Furthermore, in Bates v. State Bar of Arizona, supra, the United States Supreme Court, in addressing the concern that advertising would adversely affect the professionalism of the Bar and erode a client's trust in his attorney, stated:
[W]e find the postulated connection between advertising and the erosion of true professionalism to be severely strained. At its core, the argument presumes that attorneys must conceal from themselves and from their clients the real-life fact that lawyers earn their livelihood at the bar. We suspect that few attorneys engage in such self-deception. And rare is the client, moreover, even one of modest means, who enlists the aid of an attorney with the expectation that his services will be rendered free of charge.
Bates, 433 U.S. at 368-369, 97 S. Ct. at 2701.
It is unrealistic to assume that an attorney who takes the time, trouble, and expense to offer a free seminar and consultation to the public, does so without the expectation that his efforts will generate some business. To require that the lawyer's primary purpose be to educate, rather than to make money, would place the Bar in the difficult position of second-guessing the attorney's "true” motive. Accordingly, this requirement is eliminated.
The inquiring attorney has indicated that the financial planner will encourage seminar participants to take advantage of the offer of a free consultation by the planner and the attorney. Such conduct may constitute solicitation which is prohibited by ER 7.3. ER 7.3 is designed to prevent the "potential for abuse” inherent in "a direct interpersonal encounter" wherein a layperson is subject to the “the private importuning of a trained advocate.” Comment to ER 7.3. The Committee interprets ER 7.3's ban on solicitation as applying to a personal contact directly between an attorney and a specific potential client with whom the attorney has had no prior relationship, where the contact is initiated by the attorney for pecuniary gain.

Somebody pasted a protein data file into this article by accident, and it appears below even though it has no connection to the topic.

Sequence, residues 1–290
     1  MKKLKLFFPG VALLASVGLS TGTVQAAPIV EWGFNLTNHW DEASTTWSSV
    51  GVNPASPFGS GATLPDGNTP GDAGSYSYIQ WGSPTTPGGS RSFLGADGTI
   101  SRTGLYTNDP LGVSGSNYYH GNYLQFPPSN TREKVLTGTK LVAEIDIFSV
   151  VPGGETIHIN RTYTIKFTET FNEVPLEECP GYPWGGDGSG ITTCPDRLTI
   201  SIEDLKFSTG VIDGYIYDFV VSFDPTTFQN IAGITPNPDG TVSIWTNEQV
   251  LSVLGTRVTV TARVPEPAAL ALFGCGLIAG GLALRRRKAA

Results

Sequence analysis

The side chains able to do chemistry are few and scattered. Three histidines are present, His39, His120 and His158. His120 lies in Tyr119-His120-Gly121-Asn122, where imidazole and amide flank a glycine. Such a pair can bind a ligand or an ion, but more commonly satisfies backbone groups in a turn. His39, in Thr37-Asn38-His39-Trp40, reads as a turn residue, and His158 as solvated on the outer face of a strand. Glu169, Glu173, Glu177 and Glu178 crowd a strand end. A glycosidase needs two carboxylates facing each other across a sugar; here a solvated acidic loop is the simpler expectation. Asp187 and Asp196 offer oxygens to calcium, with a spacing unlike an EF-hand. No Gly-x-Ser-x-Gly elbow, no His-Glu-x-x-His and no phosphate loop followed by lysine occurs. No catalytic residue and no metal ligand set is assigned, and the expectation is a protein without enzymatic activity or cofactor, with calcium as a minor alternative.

1. It does not matter that it is the planner rather than the attorney who encourages the consultation. The attorney cannot escape ethical constraints by using others to do things which he is forbidden to do.
The committee believes that an offer to provide a consultation, whether free or paid, written or oral, made to all seminar participants generally, unaccompanied by any pressure or coercive conduct, does not constitute solicitation under ER 7.3 if the following two requirements are met: first, the offer must be extended to a general group rather than to a specific person; second, there must be no pressure or importuning on the seminar participants to accept the offer. The attorneys conduct, or the conduct of one acting on his behalf, must be such that the seminar participants are free to decline the offer and to walk away easily at the conclusion of the seminar.
If the seminar participant accepts the offer and freely decides to meet with the attorney, he has exercised the same right as does any person who consults an attorney. That consultation, whether it results in the person's retaining the attorney or not, does not run afoul of ER 7.3.
It is accordingly our opinion that the inquiring attorney may ethically participate in the described seminar, so long as the guidelines set forth in this opinion and in the applicable ethical rules are followed.
Formal opinions of the Committee on the Rules of Professional Conduct are advisory in nature only and are not binding in any disciplinary or other legal proceeding. This opinion is based on the Ethical Rules in effect on the date the opinion was published. If the rules change, a different conclusion may be appropriate.
© State Bar of Arizona 1987